As he expanded his scope of activities by focusing on “comedians” and “soccer players,” his life became more and more lavish in proportion to his gradually growing network of contacts.
Attendants are often called in the middle of the night, so they live in Minato-ku, where they can move quickly. I lived in Azabu Juban, too. Some girls who lived in the suburbs would call my house or the house of a friend who lived in Minato-ku their “waiting place,” and they would wait for me, saying, “I think I’ll hear from you today.
When I played with them, I often went to places where I could hide and where they could keep secrets from me, rather than to high-class restaurants. When it came to that, I was often in Minato-ku or Ebisu. They were usually izakaya (Japanese-style pubs) on the second floor of a building, where you would have to be someone you knew to get there.
Since then, Ms. A has experienced both the sweet and sour sides of love with celebrities through her relationships with the comedy duo X, who are currently popular on variety shows and have opened a private exhibition of their paintings, a specialty of theirs, and the big-name sibling duo Y. She says, “You can’t always say that about a celebrity.
Looking back on those days, she says, “With every celebrity, there is always another woman who is just like you.”
After that, Mr. A did not develop a relationship, but preferred to keep it casual, going on trips with several people and enjoying drinks at home. Among them was comedian Z, who announced the breakup of the duo in their later years.
He was like a father to all of us, like a big brother. Of course, Mr. Z was single, too, and we had a lot of fun, going to his apartment in Ebisu, where he lived at the time, and going on trips to Atami.
After dating a TV man, Mr. A moved away from Minato Ward, where he used to play on a daily basis, and since then, he no longer plays the role of an attendant.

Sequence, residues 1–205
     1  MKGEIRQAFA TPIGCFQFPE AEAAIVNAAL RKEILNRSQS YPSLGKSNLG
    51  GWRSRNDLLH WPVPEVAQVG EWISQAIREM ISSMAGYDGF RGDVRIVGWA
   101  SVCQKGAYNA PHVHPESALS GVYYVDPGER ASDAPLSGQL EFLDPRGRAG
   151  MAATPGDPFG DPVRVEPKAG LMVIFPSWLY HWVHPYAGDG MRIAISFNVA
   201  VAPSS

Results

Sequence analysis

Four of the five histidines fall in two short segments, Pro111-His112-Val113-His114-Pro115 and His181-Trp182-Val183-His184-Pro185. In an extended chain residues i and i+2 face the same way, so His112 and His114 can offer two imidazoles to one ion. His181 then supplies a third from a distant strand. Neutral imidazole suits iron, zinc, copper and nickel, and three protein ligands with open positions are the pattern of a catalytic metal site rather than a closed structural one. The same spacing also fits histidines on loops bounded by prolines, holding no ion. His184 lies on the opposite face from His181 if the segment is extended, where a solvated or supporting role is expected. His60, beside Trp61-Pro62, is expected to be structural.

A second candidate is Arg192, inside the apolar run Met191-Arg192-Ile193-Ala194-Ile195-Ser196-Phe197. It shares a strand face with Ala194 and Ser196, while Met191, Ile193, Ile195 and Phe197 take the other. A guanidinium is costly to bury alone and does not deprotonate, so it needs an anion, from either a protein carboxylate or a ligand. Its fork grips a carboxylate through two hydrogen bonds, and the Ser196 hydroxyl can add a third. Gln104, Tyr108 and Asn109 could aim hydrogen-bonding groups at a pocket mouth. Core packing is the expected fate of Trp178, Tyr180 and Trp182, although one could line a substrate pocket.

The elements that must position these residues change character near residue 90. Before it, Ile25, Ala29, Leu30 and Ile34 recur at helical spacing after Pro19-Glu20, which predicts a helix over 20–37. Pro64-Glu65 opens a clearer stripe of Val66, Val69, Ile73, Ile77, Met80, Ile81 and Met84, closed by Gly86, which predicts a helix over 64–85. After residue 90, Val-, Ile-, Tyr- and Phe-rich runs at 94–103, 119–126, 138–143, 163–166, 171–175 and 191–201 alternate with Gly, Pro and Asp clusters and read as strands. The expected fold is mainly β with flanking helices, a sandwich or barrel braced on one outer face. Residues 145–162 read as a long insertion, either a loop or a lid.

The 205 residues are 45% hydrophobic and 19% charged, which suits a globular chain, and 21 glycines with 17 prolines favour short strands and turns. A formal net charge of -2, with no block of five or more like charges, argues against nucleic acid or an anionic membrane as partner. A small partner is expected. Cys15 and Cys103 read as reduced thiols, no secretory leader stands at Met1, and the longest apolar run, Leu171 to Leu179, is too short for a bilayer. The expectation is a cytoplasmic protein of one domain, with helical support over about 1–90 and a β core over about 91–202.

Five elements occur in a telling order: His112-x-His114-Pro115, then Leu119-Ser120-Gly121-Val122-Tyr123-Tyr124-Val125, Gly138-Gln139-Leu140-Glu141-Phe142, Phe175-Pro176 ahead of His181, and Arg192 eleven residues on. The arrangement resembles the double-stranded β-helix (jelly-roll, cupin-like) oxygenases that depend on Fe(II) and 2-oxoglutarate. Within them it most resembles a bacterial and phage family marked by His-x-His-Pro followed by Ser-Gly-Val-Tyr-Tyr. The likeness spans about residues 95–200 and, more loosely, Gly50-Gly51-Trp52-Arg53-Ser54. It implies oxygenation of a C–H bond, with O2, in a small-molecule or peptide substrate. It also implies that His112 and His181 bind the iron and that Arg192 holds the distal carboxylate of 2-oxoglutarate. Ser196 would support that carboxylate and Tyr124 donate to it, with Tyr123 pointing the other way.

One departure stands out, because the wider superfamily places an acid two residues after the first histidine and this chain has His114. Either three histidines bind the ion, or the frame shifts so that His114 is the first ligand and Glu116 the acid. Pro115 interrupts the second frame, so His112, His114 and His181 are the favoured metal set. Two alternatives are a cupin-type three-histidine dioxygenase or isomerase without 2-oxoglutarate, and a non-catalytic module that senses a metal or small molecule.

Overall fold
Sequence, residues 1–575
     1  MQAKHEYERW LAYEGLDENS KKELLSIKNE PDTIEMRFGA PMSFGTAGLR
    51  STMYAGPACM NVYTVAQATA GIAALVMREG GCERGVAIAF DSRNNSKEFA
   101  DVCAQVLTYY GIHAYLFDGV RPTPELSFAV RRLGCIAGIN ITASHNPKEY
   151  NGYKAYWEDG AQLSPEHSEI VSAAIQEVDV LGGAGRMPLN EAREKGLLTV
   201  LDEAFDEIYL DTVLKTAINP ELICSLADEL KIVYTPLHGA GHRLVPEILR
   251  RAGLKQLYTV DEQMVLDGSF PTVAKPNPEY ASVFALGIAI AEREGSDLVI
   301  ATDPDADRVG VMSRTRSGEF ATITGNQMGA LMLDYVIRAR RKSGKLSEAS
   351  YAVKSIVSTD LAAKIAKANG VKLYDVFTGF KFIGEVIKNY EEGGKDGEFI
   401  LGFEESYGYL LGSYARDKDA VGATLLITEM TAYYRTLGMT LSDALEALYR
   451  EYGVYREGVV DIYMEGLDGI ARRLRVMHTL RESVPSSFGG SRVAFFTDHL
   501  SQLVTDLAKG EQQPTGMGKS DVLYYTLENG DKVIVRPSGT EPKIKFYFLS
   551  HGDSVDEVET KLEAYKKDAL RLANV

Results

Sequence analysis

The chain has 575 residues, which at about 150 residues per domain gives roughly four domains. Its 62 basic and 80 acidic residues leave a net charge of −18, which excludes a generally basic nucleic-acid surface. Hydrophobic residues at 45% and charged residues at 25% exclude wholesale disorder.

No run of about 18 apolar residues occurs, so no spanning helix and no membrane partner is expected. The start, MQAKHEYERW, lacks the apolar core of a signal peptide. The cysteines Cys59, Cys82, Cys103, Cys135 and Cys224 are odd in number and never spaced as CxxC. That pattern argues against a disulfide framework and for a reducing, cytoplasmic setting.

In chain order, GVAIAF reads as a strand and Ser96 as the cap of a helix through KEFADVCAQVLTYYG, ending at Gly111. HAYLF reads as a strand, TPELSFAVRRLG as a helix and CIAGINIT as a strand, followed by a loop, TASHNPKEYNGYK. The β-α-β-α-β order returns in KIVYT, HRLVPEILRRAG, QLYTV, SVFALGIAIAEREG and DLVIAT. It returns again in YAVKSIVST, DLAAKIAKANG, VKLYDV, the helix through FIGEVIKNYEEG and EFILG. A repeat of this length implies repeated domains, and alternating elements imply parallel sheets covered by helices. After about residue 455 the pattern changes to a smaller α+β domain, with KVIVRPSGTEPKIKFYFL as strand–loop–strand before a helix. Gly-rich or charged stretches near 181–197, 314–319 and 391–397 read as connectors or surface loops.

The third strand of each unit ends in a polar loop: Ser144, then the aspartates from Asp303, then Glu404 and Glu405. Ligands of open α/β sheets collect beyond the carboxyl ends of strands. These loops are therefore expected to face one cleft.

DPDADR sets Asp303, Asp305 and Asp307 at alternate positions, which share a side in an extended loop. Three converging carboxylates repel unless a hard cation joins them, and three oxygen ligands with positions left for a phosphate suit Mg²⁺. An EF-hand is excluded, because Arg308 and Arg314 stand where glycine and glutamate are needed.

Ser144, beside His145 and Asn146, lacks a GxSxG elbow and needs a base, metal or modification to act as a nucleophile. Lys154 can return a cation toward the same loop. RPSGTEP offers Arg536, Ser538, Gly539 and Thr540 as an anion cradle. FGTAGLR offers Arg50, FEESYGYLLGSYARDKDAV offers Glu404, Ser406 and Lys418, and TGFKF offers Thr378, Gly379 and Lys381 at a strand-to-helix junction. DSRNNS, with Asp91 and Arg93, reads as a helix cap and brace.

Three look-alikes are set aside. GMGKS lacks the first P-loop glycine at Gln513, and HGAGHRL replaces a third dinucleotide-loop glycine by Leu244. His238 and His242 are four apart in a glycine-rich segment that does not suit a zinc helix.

Mr. A, who now runs his own business in Tokyo, recalls those days.
In the end, I wanted to satisfy my need for approval. I think I wanted to be lifted up by playing with men who had money and status.
So, since the development of social networking, are attendants really no longer needed? When we finally asked Mr. A, he gave us a surprising answer.
If anything has changed with the development of social networking, it is that it has brought even more people into it. In the past, we used to go hand-deliver a piece of paper with our contact information on it, but it turned into a social networking DM, and what was then a photo sticker is now just a post (post). Those ordinary people are now also becoming attendees.”
The old-fashioned people are definitely still around,” A-san says with a strong sense of conviction. There are those who continue to be thoroughly in the dark, and there are newcomers through social networking services.
A single interaction with a celebrity through a chance DM connection stimulates the desire for another interaction. In fact, in today’s world where the desire for approval continues to grow with the advent of SNS, such interactions may be even more inundated.
As long as the young port city girls’ desire for approval is not satisfied, will attendants continue to be established in different forms?
Interview and text： Miho Honma